Bizzare New Army Video Lures Soldiers to Join Secret Psyops Operations

The Special Operations Command of the Army is recruiting new members with the help of troops trained in psychological warfare. The bizarre and surreal recruiting film, titled “Ghost in the Machine 2,” highlights the efforts of these troops to shape both domestic and international sentiment. Recruits for the Army’s Special Operations are bringing in around 650 active-duty troops annually for psychological operations, which is approximately 75% of their ultimate target of 3,000 to 4,000.

Most enlistment objectives set by the Army have fallen far short in recent years, adding to the organization’s woes. The Army’s Special Operations recruiters bring in recruits for the Green Berets, Civil Affairs, Delta Force, Psychological Operations, and the Night Stalkers of the 160th Special Operations Aviation Regiment.

The Army still has trouble filling its ranks despite its intentions to reduce the number of psyop personnel. Army Staff Sergeant Ryan Knauss, a psyop soldier who died in Afghanistan along with other American military personnel, tried to lead the panicked Afghans using a bullhorn.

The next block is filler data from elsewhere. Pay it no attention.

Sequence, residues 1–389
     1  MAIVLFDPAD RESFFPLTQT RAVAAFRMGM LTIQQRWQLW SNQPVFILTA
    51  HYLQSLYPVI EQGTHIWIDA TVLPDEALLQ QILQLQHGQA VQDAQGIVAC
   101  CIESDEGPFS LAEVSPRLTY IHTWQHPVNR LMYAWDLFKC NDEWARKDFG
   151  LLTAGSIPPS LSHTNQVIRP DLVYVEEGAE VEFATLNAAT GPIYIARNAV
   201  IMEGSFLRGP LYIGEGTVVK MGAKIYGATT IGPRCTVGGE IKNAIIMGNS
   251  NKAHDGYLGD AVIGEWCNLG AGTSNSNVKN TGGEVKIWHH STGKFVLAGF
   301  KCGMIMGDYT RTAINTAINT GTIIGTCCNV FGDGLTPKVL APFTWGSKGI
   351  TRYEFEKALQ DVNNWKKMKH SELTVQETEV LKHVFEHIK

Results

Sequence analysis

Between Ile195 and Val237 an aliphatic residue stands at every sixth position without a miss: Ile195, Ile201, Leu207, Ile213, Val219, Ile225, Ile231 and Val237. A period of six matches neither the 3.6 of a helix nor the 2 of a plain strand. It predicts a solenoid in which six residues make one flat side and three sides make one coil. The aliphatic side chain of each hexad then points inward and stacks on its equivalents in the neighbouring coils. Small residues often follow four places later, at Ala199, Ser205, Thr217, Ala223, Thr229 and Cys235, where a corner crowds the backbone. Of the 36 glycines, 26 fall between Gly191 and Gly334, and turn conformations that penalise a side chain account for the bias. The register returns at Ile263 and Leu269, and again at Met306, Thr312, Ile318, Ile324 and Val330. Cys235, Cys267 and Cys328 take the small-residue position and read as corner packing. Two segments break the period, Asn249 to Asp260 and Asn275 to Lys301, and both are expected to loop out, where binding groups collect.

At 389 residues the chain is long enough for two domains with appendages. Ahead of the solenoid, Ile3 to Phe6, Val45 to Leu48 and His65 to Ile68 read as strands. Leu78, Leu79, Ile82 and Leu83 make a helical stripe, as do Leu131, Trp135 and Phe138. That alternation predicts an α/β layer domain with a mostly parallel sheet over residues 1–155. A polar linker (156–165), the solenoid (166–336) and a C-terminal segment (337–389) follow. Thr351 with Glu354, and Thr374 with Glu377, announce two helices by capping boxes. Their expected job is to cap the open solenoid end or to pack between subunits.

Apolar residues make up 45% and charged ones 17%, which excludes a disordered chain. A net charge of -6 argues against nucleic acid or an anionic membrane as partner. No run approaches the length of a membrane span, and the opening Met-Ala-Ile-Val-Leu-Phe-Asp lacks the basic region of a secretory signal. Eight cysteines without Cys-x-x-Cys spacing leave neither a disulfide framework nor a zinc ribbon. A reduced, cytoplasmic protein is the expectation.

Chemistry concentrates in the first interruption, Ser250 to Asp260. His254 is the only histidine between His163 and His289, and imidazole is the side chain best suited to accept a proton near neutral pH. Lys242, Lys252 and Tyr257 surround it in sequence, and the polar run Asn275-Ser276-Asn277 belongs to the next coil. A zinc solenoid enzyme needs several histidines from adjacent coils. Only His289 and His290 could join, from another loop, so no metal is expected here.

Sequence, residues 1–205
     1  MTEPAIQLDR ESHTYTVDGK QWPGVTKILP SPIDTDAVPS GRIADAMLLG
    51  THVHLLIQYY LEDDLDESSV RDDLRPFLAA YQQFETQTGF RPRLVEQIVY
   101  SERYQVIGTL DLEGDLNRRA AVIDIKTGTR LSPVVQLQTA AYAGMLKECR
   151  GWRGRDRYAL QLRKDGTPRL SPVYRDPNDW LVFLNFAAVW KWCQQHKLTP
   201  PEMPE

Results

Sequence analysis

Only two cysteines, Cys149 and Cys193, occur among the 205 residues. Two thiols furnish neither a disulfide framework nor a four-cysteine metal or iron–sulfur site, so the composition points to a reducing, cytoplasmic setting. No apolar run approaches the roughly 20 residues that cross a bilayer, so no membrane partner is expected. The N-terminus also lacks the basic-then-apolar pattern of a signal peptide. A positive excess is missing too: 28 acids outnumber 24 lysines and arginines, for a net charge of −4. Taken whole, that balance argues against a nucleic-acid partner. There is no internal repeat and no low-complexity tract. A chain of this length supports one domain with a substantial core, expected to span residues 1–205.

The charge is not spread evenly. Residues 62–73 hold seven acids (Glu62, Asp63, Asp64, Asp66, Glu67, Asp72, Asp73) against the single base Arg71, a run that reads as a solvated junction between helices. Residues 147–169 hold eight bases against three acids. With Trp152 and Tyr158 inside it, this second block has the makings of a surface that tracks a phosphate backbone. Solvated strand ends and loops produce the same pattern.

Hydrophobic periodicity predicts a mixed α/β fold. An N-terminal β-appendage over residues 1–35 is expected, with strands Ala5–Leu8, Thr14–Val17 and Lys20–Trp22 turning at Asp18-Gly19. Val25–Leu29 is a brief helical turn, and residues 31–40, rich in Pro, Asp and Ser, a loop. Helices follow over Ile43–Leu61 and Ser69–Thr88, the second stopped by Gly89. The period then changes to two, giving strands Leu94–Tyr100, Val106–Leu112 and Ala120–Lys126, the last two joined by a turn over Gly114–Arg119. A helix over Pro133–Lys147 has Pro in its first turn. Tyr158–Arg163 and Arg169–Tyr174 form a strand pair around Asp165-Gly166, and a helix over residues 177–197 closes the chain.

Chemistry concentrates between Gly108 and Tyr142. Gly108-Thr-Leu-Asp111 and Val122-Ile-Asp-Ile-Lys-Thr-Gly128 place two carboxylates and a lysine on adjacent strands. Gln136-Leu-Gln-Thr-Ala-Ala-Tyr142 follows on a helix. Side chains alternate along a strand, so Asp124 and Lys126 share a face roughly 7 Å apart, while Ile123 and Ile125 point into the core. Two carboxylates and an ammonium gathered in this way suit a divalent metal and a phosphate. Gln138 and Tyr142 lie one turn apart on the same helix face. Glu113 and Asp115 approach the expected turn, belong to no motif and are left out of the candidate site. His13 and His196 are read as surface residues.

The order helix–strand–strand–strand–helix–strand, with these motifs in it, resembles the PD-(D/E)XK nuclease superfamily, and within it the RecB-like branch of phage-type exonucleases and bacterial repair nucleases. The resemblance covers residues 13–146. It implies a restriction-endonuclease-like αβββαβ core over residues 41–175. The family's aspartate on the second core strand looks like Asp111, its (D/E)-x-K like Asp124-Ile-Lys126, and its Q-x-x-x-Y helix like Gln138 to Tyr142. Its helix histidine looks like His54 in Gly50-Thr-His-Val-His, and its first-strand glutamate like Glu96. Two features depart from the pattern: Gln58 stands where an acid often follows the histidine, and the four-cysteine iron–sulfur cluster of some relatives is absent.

Assistance to Ukraine is a more contemporary example; since 2014, U.S. psychological operations personnel have counseled and supported Ukrainian forces as they fight Russian propaganda efforts. Following Russia’s invasion in February 2022, the Ukrainian military used several strategies to instruct and convince Russian soldiers to surrender.

The bulk of the Army’s personnel are young individuals who enroll and are recruited from inside the current ranks. But, unlike in the Iraq and Afghanistan conflicts, regular troops and special operations personnel don’t interact as often, which makes the recruiting process more difficult. Because of this, psyops troops, who are not necessarily well-known or understood, have it tough.

To get around this, the latest “Ghost in the Machine” video introduces psychological operations but doesn’t explain them verbally. According to recruiters, the initial video demonstrated the power of psyops to influence and alter behavior, contributing to its success. Recruits at the Military College of South Carolina recently found that the movie influenced potential psyop mission participants to varying degrees. The second video takes a similar approach, building to a climax with soaring music, visuals of marching soldiers, and a question on the impact of thoughts and words.

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